There is a unique space where the goals of philanthropy to help people intersect with the ambitions of private enterprises to make profits.
It’s called impact investing.
This form of business finance combined with a desire to make positive changes in the world has come into sharper focus in the wake of the COVID-19 pandemic. As government resources have been stretched to the breaking point, corporate leaders in the private sector increasingly embrace their roles as agents for doing their fair share to uplift people struggling against hard times.
The same goes for venture capitalists, angel investors, and private equity firms. Today, more of them are willing to take the risk of using their money to create targeted impacts that will result in proven positive developments that are measurable and practical.
Thankfully, impact investments that uplift people while resulting in profits are becoming more common. Consider that 100 companies on the Dow Jones “Most Sustainable Companies” list reported average returns of 34.3% in 2020. That’s compared to 32.5% for the S&P 500 “regular” crowd.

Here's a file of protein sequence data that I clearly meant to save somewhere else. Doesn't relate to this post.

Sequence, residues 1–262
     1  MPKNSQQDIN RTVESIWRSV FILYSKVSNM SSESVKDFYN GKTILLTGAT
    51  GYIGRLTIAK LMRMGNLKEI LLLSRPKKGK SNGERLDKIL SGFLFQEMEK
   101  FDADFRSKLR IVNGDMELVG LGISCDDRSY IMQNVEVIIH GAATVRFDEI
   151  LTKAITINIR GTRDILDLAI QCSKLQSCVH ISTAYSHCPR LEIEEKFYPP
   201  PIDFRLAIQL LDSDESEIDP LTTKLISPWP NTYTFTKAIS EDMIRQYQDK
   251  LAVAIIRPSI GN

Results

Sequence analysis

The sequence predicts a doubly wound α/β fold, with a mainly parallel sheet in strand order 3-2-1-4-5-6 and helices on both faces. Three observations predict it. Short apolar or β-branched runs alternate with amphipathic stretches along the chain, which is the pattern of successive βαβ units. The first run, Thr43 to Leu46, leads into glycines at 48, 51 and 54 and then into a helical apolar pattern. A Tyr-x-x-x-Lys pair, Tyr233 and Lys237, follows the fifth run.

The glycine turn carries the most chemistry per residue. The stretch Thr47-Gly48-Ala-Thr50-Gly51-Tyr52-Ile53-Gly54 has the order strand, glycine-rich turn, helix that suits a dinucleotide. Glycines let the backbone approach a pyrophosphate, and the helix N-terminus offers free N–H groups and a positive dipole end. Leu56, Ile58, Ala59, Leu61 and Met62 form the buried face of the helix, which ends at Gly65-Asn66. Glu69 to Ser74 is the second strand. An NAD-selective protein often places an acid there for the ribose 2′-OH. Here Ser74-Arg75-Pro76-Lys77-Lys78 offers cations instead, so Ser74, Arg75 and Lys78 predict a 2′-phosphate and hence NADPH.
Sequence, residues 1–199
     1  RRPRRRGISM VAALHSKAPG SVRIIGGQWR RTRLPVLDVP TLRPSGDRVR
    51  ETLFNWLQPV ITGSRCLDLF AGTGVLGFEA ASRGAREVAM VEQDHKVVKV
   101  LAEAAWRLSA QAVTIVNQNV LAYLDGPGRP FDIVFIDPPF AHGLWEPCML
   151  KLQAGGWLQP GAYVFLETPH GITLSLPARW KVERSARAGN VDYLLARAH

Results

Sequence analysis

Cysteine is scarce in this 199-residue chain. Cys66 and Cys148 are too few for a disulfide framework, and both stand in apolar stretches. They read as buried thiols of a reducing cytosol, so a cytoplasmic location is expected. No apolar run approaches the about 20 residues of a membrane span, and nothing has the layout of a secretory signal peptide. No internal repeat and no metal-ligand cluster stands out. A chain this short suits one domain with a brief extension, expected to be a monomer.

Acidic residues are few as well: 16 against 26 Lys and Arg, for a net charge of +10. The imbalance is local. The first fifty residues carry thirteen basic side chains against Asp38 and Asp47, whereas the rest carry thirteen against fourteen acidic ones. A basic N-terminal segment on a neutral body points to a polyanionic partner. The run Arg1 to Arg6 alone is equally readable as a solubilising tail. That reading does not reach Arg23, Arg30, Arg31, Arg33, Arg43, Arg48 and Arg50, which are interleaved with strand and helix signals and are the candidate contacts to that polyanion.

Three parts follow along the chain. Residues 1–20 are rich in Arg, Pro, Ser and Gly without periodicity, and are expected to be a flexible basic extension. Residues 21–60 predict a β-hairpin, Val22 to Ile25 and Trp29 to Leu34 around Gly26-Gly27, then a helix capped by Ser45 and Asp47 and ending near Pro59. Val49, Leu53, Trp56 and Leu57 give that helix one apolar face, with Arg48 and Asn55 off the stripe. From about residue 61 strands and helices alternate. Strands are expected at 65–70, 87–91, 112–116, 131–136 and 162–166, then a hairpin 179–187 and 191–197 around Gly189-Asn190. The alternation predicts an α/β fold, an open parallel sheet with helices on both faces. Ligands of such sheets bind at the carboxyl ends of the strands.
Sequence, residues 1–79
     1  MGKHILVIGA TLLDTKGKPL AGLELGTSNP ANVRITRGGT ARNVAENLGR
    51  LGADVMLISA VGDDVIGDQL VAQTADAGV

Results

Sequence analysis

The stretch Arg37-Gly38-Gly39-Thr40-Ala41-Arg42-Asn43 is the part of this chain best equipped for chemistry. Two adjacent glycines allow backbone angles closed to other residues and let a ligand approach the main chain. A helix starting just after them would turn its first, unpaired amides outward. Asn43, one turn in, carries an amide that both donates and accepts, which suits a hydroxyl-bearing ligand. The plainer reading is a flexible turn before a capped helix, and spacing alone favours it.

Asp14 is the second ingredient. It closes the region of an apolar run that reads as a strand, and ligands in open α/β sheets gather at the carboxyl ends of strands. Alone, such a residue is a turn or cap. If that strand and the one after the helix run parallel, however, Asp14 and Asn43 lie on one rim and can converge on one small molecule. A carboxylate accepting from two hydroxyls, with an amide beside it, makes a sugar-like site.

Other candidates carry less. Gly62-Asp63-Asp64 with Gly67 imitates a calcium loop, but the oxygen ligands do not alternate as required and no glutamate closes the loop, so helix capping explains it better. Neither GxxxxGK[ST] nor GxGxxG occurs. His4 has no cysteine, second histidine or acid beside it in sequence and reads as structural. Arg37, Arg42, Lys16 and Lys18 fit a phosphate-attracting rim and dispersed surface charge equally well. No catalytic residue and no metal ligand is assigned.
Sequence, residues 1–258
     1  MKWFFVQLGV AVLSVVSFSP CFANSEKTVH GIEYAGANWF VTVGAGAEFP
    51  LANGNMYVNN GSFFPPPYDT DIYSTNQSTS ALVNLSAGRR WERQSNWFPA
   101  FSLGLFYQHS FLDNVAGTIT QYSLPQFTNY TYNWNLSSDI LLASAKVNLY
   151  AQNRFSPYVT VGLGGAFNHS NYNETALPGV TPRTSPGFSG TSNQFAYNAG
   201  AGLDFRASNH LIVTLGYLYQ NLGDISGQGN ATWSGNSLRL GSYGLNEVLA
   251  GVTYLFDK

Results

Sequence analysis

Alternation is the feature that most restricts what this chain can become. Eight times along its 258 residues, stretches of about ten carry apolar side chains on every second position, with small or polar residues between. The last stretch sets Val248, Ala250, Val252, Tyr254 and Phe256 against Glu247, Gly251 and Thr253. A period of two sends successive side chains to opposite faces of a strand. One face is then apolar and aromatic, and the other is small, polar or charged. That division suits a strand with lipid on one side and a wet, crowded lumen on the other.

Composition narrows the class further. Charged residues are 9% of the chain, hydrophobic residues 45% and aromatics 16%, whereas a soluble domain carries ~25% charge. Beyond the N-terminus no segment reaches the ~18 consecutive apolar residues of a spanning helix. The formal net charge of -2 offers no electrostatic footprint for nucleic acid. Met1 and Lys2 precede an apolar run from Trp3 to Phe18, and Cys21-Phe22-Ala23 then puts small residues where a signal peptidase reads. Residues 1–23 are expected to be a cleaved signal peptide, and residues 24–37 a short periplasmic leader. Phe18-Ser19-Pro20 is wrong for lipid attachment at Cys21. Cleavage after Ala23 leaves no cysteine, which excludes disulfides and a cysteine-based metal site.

One area where impact investing can contribute to developing efficient systems in a wide array of industries and processes. That’s because nothing will stop the world population from reach 10 billion people by 2050, even though overall population growth has slowed in the past two decades.
However, that enormous number of people will require sustainable and efficient systems to produce food, generate clean energy, build shelter, produce pharmaceuticals, provide health care, and much more.
None of these things will happen without a proactive approach to investment with a keen focus on sustainability. Fortunately, pouring money into these kinds of efforts will be profitable because they are “must-do” undertakings.
Impact investing, and sustainable investing are not new. However, the need to nurture this form of business activity and commerce has been catapulted into sharper focus in recent years and not just due to COVID.
Massive wildfires burning out of control in the Southwest U.S. and Australia, more significant and more deadly hurricanes, shortages of food in key areas, and other such “mass events” have raised the awareness that the planet Earth is on the brink.
That brink may be the edge of disaster — or it can be the start of a fantastic new world transformed by investment strategies that produce positive impacts.